The Department of Justice (DOJ) has been cracking down on fraud against the government for decades. Yet hospitals, insurers, drug manufacturers, pharmacies and healthcare companies of all kinds are largely unaware of this major threat to their balance sheets.
In 2018, the DOJ collected more than $2.8 billion in settlements and judgments from civil cases involving fraud and false claims against the government, $2.5 billion of which involved the healthcare industry. Since 1986, the federal government has collected nearly $60 billion in penalties from businesses.
These cases and investigations often stem from the False Claims Act, a federal law that imposes liability on persons and companies that defraud government programs. The False Claims Act has been around since Abraham Lincoln was president, but recently picked up steam in the 1980s when Congress strengthened the law by providing incentives for whistleblowers to file lawsuits.
Typically, these offenses are completely unintentional. However, the healthcare industry has found itself squarely under the DOJ’s spotlight, with multi-million-dollar False Claims Act settlements announced every year. For instance, AmerisourceBergen paid $625 million just last year to settle one of these cases. Medical device manufacturer Alere also paid $33.2 million to resolve similar allegations.
When targeted in a False Claims Act case, companies are subject to massive costs in the form of attorneys’ fees, external auditor and expert costs associated with defending these claims as well as large fines, penalties and damages. While larger corporations are better positioned to handle these massive litigation costs, smaller companies run the risk of going out of business if targeted.
Thankfully, healthcare regulatory insurance policies cover a large portion of these matters, and have become an essential coverage for all healthcare companies. It remains one of the most underutilized policies among healthcare companies, despite being relatively affordable and comprehensive.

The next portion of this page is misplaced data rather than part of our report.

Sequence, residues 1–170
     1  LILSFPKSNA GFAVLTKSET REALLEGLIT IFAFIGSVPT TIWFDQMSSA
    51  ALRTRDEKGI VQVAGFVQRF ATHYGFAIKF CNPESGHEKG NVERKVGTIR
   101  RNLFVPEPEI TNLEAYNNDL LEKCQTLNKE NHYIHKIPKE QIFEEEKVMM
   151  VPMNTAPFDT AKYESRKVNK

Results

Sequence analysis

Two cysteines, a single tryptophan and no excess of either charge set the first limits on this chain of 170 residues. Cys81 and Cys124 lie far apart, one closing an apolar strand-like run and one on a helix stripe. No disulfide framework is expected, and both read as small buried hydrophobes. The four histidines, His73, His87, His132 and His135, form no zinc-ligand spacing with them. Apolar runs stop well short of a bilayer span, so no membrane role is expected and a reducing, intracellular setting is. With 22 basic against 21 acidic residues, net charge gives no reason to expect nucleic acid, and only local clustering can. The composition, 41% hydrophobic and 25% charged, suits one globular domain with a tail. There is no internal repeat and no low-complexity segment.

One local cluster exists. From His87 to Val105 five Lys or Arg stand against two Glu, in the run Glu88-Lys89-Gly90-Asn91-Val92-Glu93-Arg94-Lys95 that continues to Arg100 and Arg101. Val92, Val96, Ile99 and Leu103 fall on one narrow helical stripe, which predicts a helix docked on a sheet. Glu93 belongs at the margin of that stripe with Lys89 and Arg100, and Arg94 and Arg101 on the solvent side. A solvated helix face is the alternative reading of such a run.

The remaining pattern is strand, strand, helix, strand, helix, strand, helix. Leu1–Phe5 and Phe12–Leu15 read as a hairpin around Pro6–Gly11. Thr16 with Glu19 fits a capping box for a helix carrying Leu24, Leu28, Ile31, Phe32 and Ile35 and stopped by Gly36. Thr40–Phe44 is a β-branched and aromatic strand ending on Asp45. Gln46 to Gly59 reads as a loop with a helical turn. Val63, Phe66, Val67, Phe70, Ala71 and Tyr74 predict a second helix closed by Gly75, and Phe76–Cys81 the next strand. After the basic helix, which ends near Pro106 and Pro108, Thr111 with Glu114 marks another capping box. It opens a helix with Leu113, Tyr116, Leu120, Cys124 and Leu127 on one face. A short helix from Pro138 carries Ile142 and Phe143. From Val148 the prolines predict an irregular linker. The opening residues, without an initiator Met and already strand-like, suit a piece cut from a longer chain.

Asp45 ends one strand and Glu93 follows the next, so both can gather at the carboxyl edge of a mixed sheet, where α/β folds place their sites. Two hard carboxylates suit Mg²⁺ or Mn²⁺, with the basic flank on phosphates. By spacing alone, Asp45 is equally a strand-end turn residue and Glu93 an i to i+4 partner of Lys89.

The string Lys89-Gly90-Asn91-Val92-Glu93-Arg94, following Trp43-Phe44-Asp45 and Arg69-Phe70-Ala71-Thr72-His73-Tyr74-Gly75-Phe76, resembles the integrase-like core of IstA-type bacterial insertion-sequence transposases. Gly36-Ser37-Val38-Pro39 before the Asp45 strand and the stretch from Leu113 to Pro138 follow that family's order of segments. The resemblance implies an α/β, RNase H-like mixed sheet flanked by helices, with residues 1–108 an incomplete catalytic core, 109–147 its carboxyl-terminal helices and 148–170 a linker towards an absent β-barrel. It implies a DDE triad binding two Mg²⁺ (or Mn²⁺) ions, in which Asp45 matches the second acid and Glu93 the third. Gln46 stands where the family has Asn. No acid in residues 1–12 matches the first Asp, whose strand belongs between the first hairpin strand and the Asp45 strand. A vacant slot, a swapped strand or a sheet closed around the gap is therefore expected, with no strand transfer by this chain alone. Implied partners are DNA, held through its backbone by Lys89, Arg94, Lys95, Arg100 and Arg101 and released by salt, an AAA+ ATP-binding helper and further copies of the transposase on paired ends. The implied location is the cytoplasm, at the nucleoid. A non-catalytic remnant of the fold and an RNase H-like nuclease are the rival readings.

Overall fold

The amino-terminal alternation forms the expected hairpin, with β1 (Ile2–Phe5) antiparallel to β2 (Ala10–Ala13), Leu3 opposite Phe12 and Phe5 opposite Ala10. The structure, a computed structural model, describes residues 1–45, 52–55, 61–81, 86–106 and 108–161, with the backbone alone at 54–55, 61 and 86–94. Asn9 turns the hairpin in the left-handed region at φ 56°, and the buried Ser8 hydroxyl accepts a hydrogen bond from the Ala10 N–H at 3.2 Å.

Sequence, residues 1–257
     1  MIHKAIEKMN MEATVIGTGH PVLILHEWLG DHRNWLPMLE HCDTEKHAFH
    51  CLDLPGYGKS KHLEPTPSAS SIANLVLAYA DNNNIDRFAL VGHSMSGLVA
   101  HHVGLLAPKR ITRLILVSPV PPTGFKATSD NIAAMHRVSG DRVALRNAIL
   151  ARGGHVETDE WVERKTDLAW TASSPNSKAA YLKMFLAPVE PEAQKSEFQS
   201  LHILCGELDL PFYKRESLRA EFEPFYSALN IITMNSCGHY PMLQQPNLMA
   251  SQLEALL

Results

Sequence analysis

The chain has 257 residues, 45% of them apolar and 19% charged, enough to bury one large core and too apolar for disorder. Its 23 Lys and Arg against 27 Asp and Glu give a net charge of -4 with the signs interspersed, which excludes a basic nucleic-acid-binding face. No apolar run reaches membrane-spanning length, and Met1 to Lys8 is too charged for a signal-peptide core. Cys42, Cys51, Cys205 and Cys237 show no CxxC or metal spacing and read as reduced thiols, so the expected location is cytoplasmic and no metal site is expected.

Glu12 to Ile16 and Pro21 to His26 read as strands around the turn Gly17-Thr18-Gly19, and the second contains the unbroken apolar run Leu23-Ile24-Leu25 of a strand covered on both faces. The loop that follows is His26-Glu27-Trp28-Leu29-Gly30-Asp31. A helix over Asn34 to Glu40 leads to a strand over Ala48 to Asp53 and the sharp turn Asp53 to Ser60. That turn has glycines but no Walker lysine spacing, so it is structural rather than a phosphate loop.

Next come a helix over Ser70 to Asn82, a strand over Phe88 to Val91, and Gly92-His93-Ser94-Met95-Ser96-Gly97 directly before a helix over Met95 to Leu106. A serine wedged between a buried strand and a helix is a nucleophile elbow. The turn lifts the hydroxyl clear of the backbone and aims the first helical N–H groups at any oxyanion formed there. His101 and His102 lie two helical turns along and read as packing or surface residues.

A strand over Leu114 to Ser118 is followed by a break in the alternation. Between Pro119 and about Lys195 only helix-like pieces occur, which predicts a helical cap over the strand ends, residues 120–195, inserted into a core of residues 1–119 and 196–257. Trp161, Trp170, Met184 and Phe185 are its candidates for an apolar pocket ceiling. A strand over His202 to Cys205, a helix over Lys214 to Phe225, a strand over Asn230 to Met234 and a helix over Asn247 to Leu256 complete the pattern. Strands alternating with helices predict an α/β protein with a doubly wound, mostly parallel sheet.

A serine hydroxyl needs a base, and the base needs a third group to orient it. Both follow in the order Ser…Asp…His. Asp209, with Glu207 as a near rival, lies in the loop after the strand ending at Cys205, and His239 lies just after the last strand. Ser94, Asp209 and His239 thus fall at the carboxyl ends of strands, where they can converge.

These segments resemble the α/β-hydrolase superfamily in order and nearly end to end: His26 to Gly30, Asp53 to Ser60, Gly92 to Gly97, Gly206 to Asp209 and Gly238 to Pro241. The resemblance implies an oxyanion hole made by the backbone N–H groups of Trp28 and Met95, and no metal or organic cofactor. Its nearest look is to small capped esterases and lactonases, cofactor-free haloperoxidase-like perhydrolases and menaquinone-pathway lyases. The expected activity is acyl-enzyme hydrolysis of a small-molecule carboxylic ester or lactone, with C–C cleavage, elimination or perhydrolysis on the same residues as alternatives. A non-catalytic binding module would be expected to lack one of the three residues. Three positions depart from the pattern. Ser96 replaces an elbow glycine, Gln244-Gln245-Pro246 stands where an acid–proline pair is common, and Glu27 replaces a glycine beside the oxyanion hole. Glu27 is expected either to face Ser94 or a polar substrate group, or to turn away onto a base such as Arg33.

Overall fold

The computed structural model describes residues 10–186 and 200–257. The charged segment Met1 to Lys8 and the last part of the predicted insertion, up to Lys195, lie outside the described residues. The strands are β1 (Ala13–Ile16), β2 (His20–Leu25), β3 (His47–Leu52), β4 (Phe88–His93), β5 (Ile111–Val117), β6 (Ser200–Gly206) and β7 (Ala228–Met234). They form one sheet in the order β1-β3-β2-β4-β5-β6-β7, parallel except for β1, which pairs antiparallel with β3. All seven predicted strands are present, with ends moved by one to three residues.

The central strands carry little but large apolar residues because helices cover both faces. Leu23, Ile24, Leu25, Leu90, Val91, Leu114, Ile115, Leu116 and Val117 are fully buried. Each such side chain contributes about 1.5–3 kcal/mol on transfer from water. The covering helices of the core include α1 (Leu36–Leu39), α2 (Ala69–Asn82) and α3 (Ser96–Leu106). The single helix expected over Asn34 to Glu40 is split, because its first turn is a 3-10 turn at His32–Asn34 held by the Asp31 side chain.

In addition to providing coverage for False Claims Act claims, other regulatory triggers exist that the right regulatory policy will cover, such as HIPAA, EMTALA, Stark Violations and Anti-Kick Back statutes. Given the amount of consolidation that exists for physician groups, hospitals and other organizations, the Stark and Anti-Kickback statutes are becoming more and more of a land mine for organizations with expanding affiliations or interests.
However, not all healthcare regulatory coverage is created equal, and companies must consider the following points when securing coverage.
The specialized attorneys required to fight a lawsuit related to a False Claims Act allegation do not come cheap. Lawyers who have the level of expertise necessary in these situations can charge as much as $800 per hour. However, some healthcare regulatory policies set limits on reimbursements for these expenses or require use of panel counsel. This can leave companies on the hook for hundreds of dollars per hour in attorneys’ fees that were unaccounted for when hiring counsel. By negotiating predetermined rates on attorneys’ fees and/or obtaining pre-approval for counsel selection, healthcare companies can ensure they’re able to secure the best lawyers possible to fight these complex cases while limiting out of pocket expenses.